Converting PHP print_r() Output to a String Variable
The PHP function print_r() is great at outputting a variable in a human-readable format. What if we don’t want it to print to the screen however and instead, for example, want to include it’s output in an email?
You might be suprised to learn that you don’t need to find another function or do any fancy output buffering to acheive this (I found this out the hard way!). The print_r() function supports a second parameter that, if set as TRUE will store the results to a variable rather than output them. A simple example would be like so:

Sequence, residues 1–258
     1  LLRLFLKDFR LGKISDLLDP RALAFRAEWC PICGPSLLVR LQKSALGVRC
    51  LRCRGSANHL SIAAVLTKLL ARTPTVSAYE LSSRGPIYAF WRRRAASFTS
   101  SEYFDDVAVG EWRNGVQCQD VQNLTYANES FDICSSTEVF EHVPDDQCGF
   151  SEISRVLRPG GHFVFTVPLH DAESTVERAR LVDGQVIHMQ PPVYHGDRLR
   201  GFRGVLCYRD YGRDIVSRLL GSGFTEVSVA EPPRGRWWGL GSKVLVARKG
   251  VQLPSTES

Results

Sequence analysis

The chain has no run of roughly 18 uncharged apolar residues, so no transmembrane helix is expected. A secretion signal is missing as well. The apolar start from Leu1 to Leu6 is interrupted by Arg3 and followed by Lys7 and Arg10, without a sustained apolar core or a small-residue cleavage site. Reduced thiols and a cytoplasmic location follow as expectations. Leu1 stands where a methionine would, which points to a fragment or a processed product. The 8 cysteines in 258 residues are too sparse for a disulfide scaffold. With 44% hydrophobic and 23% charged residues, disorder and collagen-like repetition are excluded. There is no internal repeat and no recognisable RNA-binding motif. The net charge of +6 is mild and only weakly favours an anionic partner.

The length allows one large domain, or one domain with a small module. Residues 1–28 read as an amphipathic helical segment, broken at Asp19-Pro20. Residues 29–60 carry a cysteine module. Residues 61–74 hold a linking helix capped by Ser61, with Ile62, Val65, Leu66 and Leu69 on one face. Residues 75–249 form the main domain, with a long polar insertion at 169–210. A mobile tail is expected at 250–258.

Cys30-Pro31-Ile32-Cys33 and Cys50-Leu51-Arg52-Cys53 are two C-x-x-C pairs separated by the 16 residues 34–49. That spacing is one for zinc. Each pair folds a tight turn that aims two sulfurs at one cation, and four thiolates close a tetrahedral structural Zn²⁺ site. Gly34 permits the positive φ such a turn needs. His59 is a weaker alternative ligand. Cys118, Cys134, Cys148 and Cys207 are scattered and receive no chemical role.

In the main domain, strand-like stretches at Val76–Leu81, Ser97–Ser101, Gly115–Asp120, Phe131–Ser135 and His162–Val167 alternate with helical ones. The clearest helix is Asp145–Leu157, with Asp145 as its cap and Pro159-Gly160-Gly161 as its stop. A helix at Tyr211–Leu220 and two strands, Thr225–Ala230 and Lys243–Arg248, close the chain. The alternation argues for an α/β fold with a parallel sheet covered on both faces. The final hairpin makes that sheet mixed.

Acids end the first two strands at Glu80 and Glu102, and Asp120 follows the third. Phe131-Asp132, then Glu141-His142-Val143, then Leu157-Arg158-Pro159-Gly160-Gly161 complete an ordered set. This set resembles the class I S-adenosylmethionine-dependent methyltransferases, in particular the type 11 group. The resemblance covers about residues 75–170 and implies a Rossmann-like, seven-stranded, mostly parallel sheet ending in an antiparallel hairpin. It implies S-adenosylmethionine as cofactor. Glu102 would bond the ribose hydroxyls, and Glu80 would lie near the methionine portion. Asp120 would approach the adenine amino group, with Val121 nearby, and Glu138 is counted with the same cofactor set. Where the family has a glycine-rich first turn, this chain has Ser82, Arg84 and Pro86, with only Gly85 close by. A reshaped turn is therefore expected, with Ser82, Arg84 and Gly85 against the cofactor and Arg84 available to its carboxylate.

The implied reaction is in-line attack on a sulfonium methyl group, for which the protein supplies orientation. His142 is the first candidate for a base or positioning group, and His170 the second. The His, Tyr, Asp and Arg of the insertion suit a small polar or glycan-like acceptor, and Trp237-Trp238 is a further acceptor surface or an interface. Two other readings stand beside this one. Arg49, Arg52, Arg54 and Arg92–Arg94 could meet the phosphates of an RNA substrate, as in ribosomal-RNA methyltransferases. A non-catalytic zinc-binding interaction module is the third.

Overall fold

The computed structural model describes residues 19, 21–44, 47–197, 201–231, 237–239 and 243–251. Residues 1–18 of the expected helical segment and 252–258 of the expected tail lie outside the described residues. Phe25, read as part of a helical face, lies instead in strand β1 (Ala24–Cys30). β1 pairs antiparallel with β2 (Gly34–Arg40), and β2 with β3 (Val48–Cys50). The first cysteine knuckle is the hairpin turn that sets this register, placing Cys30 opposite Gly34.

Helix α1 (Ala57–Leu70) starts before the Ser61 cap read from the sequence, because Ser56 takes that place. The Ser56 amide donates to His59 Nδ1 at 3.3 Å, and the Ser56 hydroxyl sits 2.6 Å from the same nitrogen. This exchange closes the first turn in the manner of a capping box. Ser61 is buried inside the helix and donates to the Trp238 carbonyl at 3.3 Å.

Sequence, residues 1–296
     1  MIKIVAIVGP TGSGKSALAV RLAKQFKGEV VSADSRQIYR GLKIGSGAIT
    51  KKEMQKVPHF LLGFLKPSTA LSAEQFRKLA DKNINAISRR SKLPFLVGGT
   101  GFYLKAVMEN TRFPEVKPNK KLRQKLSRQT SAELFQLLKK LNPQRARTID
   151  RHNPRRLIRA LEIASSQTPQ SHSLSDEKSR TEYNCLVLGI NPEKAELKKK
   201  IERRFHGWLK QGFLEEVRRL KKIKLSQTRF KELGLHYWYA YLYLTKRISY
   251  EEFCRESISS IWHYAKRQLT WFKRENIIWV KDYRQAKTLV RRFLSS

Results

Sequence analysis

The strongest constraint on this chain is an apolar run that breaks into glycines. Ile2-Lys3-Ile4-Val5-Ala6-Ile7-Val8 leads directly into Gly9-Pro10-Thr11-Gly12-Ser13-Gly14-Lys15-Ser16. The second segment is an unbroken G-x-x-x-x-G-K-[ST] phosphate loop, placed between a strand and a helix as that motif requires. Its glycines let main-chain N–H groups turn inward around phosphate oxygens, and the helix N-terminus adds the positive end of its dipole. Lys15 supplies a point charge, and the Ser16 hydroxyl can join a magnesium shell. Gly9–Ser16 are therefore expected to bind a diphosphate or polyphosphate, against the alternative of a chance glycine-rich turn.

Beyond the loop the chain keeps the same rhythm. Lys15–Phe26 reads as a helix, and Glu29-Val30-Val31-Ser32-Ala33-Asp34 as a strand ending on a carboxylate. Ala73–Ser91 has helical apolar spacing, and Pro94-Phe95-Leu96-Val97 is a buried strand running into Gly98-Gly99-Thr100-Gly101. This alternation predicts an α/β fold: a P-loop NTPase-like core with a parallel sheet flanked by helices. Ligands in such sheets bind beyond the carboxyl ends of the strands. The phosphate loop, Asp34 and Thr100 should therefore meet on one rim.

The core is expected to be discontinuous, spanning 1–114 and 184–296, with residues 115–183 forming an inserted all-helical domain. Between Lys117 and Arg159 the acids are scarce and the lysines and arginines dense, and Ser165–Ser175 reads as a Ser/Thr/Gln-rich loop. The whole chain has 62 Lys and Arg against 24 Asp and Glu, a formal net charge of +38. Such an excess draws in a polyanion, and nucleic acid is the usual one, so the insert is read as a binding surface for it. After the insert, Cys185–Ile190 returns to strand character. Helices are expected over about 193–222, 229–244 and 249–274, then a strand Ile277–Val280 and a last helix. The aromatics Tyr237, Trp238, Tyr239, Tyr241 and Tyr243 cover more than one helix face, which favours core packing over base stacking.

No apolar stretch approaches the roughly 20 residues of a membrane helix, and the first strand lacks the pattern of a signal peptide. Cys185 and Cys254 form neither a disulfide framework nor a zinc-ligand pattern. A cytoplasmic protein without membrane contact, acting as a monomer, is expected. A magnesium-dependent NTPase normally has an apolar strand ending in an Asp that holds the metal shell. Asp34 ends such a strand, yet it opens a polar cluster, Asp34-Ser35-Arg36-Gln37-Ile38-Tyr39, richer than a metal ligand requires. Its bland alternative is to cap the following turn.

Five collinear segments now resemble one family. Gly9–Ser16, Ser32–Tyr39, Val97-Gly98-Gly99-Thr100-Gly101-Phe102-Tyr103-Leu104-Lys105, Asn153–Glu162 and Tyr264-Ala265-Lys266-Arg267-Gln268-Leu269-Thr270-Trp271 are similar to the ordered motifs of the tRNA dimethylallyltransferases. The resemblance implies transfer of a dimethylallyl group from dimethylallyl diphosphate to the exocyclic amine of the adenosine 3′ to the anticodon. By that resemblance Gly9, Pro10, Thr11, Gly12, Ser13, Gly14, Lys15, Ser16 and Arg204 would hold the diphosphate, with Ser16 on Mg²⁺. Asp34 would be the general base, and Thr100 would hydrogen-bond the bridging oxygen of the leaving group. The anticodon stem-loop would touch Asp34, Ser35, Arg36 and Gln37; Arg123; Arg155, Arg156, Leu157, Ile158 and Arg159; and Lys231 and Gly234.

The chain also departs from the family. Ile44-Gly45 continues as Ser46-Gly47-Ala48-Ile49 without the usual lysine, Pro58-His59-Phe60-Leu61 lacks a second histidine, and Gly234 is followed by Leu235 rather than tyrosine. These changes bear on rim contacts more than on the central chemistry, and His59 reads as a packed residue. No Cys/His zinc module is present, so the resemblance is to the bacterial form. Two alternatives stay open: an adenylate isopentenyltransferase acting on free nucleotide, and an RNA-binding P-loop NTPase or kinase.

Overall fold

$myArray = array('one', 'two', 'three'); $myString = print_r($myArray, TRUE); echo $myString;
The above would then output the following:
Array (  => one  => two  => three )